https://github.com/stm32duino/BoardManagerFiles/raw/master/STM32/package_stm_index.json

As pointed out in one of Jack's early posts regarding the Morse Code Tutor, there are a number of tool chains available for the Blue Pill (STM32F103) for the Arduino IDE. Each may have different implementations and advantages.

Tom,
wb6b


 


Guy <sgbridge@...>
 

Hey Tom,
what do you do when you go to Arduino preferences and enter the URL, and it says
”error in downloading https://github.com/stm32duino/BoardManagerFiles/raw/master/STM32/packages_stm_index.json”
and it also shows an error for the “Dan.drown.org url ? And no choices show up under board manager for the stm32 board. 
this happened running on win xp and win 7 using Arduino IDE v 1.8.8,1.8.9, and 1.8.5. 
Kinda at my wits end. 
Thanks for any help. 

Guy WB7SZI


Tom, wb6b
 

Hi,

It looks like the URL should end with package_stm_index.json rather than packages_stm_index.json”. Hope that helps.

I googled the dan.drown.org url and see he has a "Boards Manager package", also. I don't know much about this one, but I was able to see the json file when I clicked on the link. 

Tom, wb6b


Guy <sgbridge@...>
 

Thanks Tom. I’ll check to see if I had the right url. 
Regards,

Guy WB7SZI 


Guy <sgbridge@...>
 

Tom,
got the STM32 url to work under Win10 and Arduino IDE 1.8.3!  Go figure.....
thanks again,

Guy WB7SZI 


Tom, wb6b
 

Hi Guy,

Great... Glad you were able to get it to install.

I had a little more time to work on my porting of Jack's code. Because I'm interested in using some of the STM official development boards (By the way the prices are very reasonable for these boards, although not as cheap an the popular Blue Pill), I'm interested in using the official STM32 Arduino from STM. 

As I work through some of the porting issues, I think I now know which STM32 library for Arduino Jack is using. When I got to the point of resolving the eeprom library issues and discovered another library called "wirish" (which commenting out seems to fix) I was able to do a Google search and come up with this library:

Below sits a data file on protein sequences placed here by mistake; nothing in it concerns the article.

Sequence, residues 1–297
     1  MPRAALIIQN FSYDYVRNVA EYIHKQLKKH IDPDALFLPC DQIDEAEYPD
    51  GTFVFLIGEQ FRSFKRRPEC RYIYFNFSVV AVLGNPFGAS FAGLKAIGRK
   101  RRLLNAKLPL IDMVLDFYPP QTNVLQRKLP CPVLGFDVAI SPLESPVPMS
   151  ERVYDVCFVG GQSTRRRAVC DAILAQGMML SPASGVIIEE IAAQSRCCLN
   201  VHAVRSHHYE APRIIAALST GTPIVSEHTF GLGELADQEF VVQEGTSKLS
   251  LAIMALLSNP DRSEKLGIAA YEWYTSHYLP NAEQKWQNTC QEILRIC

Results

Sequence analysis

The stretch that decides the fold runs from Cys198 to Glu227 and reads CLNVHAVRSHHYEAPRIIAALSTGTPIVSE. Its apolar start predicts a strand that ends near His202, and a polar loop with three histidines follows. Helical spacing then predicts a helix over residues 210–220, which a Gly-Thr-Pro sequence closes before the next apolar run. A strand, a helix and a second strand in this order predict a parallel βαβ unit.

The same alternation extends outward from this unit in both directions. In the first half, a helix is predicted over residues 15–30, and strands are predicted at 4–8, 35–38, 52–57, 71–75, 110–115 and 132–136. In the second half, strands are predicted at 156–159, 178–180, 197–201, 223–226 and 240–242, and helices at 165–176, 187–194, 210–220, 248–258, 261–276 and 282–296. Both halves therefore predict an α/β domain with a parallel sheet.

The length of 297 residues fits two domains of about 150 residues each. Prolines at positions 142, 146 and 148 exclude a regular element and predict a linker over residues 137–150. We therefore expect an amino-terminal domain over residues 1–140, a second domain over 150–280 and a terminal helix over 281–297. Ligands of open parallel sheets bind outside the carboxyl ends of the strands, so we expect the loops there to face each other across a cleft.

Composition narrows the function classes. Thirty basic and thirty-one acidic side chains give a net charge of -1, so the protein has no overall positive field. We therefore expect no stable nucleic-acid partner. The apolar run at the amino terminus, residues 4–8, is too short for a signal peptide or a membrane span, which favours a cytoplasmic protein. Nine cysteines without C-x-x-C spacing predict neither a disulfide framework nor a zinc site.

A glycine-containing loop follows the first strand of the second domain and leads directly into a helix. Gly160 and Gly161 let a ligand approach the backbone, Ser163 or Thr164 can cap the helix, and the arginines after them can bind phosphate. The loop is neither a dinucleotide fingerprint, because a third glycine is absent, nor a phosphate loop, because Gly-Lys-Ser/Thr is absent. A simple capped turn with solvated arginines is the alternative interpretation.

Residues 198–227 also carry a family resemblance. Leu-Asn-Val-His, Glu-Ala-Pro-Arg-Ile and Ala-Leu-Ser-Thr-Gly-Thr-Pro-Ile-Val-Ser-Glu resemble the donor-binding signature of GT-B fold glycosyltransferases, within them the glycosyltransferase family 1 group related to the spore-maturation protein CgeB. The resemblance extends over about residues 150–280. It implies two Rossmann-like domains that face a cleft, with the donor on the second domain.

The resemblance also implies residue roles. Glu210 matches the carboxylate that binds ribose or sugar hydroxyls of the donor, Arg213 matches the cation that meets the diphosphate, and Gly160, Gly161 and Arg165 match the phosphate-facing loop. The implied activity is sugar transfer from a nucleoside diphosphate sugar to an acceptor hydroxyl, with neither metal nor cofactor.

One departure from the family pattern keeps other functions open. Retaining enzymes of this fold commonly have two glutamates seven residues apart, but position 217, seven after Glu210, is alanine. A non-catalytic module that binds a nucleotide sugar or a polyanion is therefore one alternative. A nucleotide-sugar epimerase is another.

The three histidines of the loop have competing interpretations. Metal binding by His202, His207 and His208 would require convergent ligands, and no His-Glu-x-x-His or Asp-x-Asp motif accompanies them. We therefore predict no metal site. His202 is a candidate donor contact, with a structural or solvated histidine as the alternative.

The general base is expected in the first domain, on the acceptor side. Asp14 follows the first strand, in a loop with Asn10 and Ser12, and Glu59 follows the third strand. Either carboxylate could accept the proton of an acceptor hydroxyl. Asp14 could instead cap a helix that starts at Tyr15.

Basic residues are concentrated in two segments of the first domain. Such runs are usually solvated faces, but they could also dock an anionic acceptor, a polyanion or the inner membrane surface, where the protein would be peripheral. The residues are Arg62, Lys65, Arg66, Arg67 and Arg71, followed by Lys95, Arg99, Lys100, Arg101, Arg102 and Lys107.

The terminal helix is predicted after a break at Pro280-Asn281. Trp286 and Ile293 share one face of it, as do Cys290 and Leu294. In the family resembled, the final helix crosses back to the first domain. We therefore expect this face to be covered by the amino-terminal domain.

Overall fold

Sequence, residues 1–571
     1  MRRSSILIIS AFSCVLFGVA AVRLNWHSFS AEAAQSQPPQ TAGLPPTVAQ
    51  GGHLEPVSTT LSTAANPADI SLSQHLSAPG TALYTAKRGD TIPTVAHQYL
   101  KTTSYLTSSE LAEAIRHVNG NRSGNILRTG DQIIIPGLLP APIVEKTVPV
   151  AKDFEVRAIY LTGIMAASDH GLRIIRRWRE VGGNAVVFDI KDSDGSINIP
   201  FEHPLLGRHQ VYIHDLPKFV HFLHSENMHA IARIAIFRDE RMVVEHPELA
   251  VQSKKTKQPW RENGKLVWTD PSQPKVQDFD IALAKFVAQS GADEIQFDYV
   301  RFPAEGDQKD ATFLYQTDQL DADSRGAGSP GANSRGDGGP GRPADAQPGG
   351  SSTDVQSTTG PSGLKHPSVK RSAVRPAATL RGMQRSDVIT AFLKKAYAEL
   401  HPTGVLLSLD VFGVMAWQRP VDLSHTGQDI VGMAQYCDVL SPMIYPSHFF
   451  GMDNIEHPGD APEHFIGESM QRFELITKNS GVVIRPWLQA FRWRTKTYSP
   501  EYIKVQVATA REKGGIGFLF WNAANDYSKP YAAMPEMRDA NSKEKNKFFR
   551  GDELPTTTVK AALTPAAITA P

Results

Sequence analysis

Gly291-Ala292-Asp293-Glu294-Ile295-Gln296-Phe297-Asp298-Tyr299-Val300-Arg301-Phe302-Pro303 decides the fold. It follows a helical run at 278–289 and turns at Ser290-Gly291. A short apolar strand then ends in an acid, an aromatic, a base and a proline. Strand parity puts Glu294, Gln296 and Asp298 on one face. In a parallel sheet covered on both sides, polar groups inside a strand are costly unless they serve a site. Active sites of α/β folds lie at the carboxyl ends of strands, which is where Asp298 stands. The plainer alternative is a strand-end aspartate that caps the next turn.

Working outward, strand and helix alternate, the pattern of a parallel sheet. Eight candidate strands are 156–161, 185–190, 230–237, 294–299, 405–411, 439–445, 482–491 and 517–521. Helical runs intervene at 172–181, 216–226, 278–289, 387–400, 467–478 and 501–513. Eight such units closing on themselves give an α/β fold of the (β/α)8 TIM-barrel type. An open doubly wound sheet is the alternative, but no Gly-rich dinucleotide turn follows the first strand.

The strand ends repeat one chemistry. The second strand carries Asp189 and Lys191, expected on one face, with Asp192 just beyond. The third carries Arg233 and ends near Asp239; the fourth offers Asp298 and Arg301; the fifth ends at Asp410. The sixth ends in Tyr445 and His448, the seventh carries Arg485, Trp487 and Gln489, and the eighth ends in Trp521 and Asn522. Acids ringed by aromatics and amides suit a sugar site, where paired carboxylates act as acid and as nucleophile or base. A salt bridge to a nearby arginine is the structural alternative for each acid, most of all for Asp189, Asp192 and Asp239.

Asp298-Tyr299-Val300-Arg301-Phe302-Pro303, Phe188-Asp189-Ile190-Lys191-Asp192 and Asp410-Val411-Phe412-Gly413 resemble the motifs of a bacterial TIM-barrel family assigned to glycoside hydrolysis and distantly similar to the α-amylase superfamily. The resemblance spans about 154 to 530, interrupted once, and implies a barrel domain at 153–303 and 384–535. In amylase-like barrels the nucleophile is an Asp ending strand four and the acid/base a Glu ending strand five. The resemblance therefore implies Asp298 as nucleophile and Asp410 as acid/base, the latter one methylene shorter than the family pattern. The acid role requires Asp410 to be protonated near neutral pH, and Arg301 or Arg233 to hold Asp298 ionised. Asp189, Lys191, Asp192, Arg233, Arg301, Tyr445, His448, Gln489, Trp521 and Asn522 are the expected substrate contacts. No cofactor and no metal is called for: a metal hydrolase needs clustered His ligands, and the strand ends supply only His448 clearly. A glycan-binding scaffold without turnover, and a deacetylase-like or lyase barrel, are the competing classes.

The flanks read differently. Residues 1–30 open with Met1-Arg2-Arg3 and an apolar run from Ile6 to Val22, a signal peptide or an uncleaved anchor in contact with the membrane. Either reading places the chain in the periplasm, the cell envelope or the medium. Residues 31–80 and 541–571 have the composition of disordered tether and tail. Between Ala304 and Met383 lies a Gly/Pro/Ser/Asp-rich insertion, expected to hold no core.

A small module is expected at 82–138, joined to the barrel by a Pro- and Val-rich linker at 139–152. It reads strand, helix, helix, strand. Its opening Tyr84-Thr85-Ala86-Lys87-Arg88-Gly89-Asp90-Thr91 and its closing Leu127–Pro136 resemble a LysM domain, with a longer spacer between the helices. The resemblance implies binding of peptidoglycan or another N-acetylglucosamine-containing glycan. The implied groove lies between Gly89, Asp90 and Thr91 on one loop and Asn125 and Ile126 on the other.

https://github.com/rogerclarkmelbourne/Arduino_STM32

Roger's library concentrates on support a wide array of popular boards that you can buy on eBay and Amazon, and that includes the Blue Pill. Roger seems to be the point person of the now read-only forum:
http://www.stm32duino.com/viewtopic.php?f=16&t=4671
and here
http://wiki.stm32duino.com/index.php?title=Main_Page

So, up until recently, it looks like Roger's tool chain was the best (or next best) tool chain. And still looks like a good tool chain.

The "official" STM32 Arduino tool chain concentrates on STM official development boards, supports a larger array of chip families, and supports a number of popular boards and controllers (like 3D printer controllers) that you would find on eBay or Amazon. By the way, if you decide to purchase an STM development board, buy it from a distributor. The sellers on eBay and Amazon are inflating the prices for the STM boards.

So if you are not a die hard like me, with the desire to stay compatible with the tool chain I use with STM32Cube and the HAL layer it provides (which makes it more likely for me to be able to move projects back and forth between Arduino and STM32cube, and possibly Mbed as well) You may want to try Roger's toolchain, or what toolchain Jack used if it wasn't Roger's. 

When I finish my port, I'll list the changes needed to make the Morse Code Tutor work with the "official" STM32_Arduino tool chain.